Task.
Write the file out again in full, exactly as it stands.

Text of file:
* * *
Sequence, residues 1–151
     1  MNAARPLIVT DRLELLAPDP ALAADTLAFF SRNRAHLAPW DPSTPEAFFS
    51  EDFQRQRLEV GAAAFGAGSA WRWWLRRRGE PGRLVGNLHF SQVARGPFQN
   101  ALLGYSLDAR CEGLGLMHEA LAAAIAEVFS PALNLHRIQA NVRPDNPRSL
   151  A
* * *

Sequence, residues 1–151
     1  MNAARPLIVT DRLELLAPDP ALAADTLAFF SRNRAHLAPW DPSTPEAFFS
    51  EDFQRQRLEV GAAAFGAGSA WRWWLRRRGE PGRLVGNLHF SQVARGPFQN
   101  ALLGYSLDAR CEGLGLMHEA LAAAIAEVFS PALNLHRIQA NVRPDNPRSL
   151  A